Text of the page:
The Buryin’ Barry Clayton books have changed.
The earlier ones were about a small town undertaker who solves murders.
Mark de Castrique's Risky Undertaking, the new Buryin’ Barry book, is about a small town deputy sheriff who is an undertaker on the side.
Someone kills a Cherokee activist Jimmy Panther. Panther disrupted a funeral to protest what he claims is the desecration of Cherokee burial grounds.
Is the murder related to the protest, or is it related to casino issues in and around Gainesboro, North Carolina?
Panther’s murder appears to be a mob hit. Buryin’ Barry (now primarily a sheriff’s deputy) investigates. He tries to find out if a Boston hit man in town for a poker tournament committed the murder.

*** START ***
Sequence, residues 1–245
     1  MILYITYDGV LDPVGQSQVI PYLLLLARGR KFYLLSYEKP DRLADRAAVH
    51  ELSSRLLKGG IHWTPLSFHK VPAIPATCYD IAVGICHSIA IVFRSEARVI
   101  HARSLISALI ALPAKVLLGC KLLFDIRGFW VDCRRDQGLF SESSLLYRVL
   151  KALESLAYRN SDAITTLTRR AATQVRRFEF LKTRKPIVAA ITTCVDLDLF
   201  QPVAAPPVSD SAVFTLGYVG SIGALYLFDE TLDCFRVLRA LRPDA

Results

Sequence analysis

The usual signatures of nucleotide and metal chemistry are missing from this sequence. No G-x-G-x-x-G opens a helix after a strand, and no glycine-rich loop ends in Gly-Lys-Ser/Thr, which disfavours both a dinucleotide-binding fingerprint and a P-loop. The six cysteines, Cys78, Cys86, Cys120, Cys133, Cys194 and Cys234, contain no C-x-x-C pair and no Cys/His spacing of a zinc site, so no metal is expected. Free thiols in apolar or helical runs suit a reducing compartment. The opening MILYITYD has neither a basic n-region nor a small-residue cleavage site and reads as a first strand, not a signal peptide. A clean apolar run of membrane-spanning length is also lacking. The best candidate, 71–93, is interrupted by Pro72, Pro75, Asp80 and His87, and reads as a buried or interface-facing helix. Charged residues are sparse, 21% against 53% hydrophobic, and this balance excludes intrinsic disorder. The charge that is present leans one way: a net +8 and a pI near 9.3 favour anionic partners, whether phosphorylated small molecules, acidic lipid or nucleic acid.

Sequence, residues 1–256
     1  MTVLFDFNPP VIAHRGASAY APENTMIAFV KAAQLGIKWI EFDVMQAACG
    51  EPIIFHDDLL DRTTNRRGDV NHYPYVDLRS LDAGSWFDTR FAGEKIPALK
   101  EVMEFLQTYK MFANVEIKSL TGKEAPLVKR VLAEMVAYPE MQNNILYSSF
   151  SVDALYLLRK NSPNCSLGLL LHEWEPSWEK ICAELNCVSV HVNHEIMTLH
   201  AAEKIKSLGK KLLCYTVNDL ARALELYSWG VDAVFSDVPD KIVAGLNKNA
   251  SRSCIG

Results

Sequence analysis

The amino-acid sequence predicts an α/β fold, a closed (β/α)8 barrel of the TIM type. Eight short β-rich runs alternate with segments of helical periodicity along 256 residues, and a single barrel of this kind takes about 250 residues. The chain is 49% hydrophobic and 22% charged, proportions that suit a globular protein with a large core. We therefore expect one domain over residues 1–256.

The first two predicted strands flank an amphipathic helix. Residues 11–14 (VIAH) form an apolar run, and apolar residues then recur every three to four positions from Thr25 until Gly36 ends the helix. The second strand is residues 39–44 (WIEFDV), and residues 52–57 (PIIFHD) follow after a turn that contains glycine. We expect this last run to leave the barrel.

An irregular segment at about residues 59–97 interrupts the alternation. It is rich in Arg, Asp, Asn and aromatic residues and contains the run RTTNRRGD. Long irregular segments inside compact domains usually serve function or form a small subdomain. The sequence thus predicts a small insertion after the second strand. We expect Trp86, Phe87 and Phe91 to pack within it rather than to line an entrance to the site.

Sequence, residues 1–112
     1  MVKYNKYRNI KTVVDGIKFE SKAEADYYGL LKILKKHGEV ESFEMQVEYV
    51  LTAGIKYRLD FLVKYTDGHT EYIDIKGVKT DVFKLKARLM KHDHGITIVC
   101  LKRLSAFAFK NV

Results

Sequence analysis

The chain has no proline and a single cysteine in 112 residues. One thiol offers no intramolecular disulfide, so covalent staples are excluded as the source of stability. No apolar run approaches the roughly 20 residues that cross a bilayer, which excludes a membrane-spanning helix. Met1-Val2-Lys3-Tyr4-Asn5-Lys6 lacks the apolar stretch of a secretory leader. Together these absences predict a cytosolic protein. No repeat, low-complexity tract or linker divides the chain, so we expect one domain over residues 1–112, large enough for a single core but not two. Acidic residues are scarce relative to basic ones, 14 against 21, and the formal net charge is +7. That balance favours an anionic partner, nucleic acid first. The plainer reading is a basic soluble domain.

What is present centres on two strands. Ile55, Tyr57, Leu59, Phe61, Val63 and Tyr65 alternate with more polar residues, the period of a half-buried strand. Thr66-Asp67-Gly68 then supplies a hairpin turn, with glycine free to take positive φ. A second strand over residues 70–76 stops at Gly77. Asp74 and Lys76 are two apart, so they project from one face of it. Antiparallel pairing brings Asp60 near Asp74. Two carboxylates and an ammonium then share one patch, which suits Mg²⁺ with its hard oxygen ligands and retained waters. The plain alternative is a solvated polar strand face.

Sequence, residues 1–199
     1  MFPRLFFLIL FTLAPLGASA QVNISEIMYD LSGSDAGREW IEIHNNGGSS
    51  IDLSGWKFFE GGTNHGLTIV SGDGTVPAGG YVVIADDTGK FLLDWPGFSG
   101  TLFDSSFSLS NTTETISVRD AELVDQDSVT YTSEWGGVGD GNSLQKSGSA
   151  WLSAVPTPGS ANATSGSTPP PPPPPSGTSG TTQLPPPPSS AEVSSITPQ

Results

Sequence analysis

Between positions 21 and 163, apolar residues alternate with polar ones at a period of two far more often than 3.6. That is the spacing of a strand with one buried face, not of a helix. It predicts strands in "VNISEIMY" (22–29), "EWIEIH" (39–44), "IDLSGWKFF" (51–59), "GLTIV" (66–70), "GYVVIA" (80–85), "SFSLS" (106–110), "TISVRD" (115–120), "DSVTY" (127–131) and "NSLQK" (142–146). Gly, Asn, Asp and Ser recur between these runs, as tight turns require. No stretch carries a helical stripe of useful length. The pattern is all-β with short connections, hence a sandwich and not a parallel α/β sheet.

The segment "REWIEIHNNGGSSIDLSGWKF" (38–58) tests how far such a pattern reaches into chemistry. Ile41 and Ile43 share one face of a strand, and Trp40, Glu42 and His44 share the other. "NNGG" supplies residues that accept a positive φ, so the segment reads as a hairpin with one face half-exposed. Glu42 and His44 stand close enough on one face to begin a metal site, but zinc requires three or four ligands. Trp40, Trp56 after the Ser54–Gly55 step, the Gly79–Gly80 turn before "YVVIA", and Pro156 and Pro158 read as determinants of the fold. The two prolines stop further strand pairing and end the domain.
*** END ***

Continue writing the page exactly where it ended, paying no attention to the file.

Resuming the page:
Along the way, someone kidnaps a well-thought-of Cherokee youth. The “risky undertaking” of the book’s title has to do with whether Barry and his cohorts can save the child.
Risky Undertaking is well-plotted. It is interesting to read for that reason alone. The characters are as unique as always. But I miss the old Barry Clayton, the undertaker functioning in that role.
Sometimes I read books because they have different settings or unusual types of characters. The Buryin’ Barry books have changed. Now Barry is a cop. He is doing what cops do.
I wanted to dislike this book. I wanted Barry to be different. But the book is so well-plotted, I liked it in spite of myself. I recommend Risky Undertaking.